Skip to main content
ARS Home » Pacific West Area » Corvallis, Oregon » Horticultural Crops Production and Genetic Improvement Research Unit » Research » Publications at this Location » Publication #394827

Research Project: Genetic Improvement of Blackberry, Red and Black Raspberry, Blueberry, and Strawberry

Location: Horticultural Crops Production and Genetic Improvement Research Unit

Title: Dissecting the genetic basis of bioactive metabolites and fruit quality traits in blueberries (Vaccinium corymbosum L)

Author
item MENGIST, MOLLA - North Carolina State University
item GRACE, MARY - North Carolina State University
item Mackey, Theodore - Ted
item MUNOZ, BRYAN - North Carolina State University
item PUCKER, BOAS - Institute Of Plant Biology And Biotechnology
item Bassil, Nahla
item Luby, Claire
item FERRUZZI, MARIO - North Carolina State University
item LILA, MARY ANN - North Carolina State University
item LORIZZO, MASSIMO - North Carolina State University

Submitted to: Frontiers in Plant Science
Publication Type: Peer Reviewed Journal
Publication Acceptance Date: 7/26/2022
Publication Date: N/A
Citation: N/A

Interpretive Summary: Blueberry is known in part for its health properties, which largely come from anthocyanins and chlorgenic acid. However, no one has yet looked at the genetic basis for accumulation of these compounds in blueberry fruit. To do this, we measured anthocyanin and chlorogenic acid content as well as fruit quality traits such as titratable acidity, pH, and soluble solids in blueberry fruit over 3 years. We were able to coorelate this data with genetic data for the population of plants. We were able to find several candidate genes that may be responsible for these characteristics in blueberry. Overall, the study provides the first insights into the genetic basis controlling anthocyanins accumulation and composition and establishes a frame-work to advance genetic studies and molecular breeding for anthocyanins in blueberry.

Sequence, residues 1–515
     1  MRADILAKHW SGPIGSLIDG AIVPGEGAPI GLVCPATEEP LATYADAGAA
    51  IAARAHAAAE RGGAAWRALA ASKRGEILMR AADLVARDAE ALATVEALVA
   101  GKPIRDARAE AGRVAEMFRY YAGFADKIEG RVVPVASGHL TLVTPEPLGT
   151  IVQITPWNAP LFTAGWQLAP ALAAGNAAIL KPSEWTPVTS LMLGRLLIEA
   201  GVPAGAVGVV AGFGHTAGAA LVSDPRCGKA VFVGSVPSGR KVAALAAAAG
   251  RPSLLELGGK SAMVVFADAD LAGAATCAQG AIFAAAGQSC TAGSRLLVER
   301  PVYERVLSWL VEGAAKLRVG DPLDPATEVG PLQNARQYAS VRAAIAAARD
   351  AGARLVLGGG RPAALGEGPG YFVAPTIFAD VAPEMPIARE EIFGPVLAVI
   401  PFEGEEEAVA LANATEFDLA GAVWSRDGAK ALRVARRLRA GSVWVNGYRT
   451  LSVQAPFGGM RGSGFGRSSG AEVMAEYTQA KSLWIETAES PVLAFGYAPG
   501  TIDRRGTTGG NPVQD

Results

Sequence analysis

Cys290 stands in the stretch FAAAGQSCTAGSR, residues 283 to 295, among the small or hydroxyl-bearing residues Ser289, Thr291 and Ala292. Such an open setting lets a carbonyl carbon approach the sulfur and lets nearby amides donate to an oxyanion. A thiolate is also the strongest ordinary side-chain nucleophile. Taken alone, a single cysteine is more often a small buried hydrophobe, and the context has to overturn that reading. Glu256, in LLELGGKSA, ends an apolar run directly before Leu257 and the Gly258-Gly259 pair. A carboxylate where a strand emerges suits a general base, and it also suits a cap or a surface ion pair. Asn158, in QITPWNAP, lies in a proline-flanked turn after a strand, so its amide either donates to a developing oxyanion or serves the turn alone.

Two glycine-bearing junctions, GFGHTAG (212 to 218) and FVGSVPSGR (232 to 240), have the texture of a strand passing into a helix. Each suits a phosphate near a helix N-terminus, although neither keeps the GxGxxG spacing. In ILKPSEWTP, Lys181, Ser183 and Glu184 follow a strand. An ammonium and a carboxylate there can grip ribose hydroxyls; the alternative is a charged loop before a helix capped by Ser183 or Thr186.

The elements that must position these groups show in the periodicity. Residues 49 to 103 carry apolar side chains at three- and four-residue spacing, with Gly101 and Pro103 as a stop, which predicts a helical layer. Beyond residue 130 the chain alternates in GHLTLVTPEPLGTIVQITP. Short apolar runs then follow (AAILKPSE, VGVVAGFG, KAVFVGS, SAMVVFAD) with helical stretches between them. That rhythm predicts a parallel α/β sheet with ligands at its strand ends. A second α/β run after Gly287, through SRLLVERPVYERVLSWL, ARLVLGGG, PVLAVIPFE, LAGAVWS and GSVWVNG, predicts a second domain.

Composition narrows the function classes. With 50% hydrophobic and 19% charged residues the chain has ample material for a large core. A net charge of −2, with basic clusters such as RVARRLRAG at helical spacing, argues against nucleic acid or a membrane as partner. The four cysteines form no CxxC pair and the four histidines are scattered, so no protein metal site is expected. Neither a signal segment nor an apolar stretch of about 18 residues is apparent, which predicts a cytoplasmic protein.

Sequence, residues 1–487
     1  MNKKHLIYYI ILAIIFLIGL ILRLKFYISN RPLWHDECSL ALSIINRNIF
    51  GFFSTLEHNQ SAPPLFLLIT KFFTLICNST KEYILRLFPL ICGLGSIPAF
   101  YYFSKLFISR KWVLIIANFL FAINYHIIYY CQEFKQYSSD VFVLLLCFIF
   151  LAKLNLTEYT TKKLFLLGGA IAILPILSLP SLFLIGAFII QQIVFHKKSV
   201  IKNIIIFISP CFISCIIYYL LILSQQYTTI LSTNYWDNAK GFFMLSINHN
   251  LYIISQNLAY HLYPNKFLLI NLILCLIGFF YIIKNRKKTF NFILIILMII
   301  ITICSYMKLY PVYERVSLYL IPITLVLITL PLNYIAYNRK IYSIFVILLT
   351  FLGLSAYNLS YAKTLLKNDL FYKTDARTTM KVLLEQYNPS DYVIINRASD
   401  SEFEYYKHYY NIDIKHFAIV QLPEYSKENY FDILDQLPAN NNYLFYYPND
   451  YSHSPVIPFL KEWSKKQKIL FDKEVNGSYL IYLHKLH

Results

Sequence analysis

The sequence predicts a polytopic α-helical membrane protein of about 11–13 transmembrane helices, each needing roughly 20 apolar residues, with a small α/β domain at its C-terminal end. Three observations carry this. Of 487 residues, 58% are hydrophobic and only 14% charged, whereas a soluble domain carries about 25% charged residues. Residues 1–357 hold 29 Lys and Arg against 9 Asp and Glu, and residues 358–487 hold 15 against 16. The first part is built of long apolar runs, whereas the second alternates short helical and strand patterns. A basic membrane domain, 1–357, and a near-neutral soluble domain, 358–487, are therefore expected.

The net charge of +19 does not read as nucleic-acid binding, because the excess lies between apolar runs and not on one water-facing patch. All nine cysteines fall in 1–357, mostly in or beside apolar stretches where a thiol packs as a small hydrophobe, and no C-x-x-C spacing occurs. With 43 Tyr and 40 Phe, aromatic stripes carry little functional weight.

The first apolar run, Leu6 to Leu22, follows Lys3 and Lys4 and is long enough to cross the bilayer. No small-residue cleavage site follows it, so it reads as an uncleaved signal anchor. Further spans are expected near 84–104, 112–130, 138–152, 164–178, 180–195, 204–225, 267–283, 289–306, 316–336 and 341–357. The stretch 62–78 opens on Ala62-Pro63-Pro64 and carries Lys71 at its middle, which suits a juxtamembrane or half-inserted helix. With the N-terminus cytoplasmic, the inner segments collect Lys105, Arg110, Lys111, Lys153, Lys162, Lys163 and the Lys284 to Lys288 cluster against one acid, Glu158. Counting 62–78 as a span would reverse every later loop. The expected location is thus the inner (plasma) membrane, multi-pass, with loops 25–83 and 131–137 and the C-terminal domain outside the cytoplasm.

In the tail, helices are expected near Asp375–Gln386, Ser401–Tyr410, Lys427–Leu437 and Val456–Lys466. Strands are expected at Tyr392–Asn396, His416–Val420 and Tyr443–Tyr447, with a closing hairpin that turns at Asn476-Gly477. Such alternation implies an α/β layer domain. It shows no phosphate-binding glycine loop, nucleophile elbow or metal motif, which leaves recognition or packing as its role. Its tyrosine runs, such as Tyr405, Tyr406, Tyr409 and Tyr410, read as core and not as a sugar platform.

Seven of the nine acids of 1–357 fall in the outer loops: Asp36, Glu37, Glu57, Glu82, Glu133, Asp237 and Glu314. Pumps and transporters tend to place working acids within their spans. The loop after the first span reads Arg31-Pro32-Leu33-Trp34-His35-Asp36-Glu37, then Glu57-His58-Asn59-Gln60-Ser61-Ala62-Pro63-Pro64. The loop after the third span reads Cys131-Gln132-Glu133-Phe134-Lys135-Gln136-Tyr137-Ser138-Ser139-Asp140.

Technical Abstract: Blueberry is a well-recognized healthy fruit with functionality derived largely from anthocyanin and chlorogenic acid. Despite their importance, no study to date has evaluated the genetic basis of these bioactives in blueberries. Hence, to fill this gap, a mapping population including 196 F1 in-dividuals was phenotyped for anthocyanin and chlorogenic acid content and fruit quality traits (titratable acidity, pH, and total soluble solids) over three years and data were used for QTL mapping and correlation analysis. Across all the traits, a total of 188 QTLs were identified on chromosomes 1, 2, 4, 8, 9, 11 and 12. Notably, four major regions with overlapping major-effect QTLs were identified on chromosomes 1, 2, 4 and 8, and were responsible for acylation and gly-cosylation of anthocyanins in a substrate and sugar donor specific manner. Through comparative transcriptome analysis, multiple candidate genes were identified for these major QTLs, including glucosyltransferases and acyltransferases. Overall, the study provides the first insights into the genetic basis controlling anthocyanins accumulation and composition and establishes a frame-work to advance genetic studies and molecular breeding for anthocyanins in blueberry.